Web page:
Like other relatively advanced capitalist countries, Israel has become a magnet for immigrant workers and refugees, who provide a source of cheap labor for the bosses.

At the end of May Netanyahu claimed that “illegal immigration” was threatening “national security and identity.”

“Currently there are 60,000 infiltrators in Israel,” Netanhayu said, referring to Sudanese and Eritrean refugees and others without work permits. “This number can easily reach 600,000.”

The Israeli government is erecting a 150-mile steel fence along the Israeli-Egyptian border to keep out undocumented workers and announced June 7 that it is building desert prison camps that could hold up to 25,000 immigrants.

“Most of those people arriving here are Muslims who think the country doesn’t belong to us, the white man,” Interior Minister Eli Yishai told the daily Maariv.

Arnon Soffer, a professor who heads up an immigration task force set up by Yishai, told the Jerusalem Post that there are 700,000 “foreigners” in Israel today, making up 10 percent of the population.

According to Soffer, there are 60,000 African refugees, 100,000-200,000 non-African foreign workers, and 100,000 tourists with expired visas. Among those he considers foreigners are 300,000 Palestinians from the occupied territories but not the thousands of Jews who have emigrated from the former Soviet Union and Ethiopia.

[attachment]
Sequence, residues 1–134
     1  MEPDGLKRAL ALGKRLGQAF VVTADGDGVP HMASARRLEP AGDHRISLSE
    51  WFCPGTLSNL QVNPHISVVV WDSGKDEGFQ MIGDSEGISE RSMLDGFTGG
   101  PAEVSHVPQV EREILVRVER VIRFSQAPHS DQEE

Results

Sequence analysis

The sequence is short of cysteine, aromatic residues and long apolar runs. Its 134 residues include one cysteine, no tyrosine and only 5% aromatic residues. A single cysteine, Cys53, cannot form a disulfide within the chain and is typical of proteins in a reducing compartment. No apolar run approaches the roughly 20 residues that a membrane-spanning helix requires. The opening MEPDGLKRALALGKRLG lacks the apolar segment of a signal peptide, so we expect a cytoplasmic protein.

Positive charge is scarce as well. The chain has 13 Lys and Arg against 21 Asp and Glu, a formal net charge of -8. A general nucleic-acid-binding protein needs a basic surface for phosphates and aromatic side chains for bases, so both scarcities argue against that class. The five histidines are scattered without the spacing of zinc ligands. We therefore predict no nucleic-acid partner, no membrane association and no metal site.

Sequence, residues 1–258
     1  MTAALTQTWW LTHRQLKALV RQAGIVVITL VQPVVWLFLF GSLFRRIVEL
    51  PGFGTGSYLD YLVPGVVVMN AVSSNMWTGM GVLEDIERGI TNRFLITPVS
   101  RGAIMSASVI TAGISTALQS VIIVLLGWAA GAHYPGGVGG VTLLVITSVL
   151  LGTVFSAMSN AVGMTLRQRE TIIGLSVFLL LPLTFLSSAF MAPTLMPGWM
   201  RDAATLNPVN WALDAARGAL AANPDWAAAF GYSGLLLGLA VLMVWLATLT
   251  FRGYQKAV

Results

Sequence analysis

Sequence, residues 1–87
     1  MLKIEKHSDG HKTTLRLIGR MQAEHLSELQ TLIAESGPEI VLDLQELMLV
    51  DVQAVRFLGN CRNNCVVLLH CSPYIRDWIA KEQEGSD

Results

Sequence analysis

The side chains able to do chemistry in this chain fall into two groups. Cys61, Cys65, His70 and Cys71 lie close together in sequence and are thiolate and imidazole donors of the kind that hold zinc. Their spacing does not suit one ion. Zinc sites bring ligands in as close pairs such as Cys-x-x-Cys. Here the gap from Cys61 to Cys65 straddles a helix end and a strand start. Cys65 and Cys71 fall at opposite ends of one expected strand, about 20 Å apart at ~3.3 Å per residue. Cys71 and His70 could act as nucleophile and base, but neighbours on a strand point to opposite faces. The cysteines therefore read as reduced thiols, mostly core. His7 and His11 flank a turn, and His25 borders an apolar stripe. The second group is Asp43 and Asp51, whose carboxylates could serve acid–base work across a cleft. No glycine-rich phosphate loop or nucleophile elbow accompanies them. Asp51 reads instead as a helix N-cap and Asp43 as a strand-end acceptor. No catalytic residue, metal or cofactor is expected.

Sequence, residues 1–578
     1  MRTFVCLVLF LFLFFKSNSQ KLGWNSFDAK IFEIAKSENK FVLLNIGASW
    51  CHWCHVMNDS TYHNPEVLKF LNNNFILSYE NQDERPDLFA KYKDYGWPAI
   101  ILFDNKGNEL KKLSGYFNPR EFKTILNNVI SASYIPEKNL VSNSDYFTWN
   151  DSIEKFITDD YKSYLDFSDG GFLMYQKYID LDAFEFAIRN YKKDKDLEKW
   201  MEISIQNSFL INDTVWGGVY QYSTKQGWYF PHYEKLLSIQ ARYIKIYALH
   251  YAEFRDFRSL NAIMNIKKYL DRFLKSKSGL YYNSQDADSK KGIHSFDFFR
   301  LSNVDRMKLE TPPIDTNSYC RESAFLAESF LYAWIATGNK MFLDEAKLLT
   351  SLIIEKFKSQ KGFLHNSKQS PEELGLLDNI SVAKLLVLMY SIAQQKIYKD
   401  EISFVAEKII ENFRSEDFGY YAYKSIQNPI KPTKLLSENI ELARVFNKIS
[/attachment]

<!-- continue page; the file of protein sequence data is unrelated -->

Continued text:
In May and June, rightist demonstrators, encouraged by the government’s anti-immigrant measures, physically attacked African immigrants, vandalized African-owned stores and firebombed homes and a kindergarten.

On June 11 and 12 immigration cops started rounding up hundreds of immigrants without papers. Workers from South Sudan, Nigeria, China, Ghana and the Ivory Coast were picked up in the first few hours of the sweep.

To meet the bosses need for cheap labor, “they bring in immigrant workers from Thailand and the Philippines every day, even while they sign the deportation orders for the South Sudanese. It’s a revolving door,” said Noa Kaufman, who assists refugees for Kav LaOved, the workers hotline, in a phone interview.

Kaufman said that Yishai’s statement was “shameful,” pointing out that Yishai is himself a mizrahi, a Jew of Middle Eastern descent. “He found people darker than himself to blame for all the problems of Israel,” she said.

Some 300 African immigrants carrying signs saying, “A refugee is not a cancer” and “We want refugee status” were joined by some south Tel Aviv residents at a protest against the anti-immigrant moves June 10.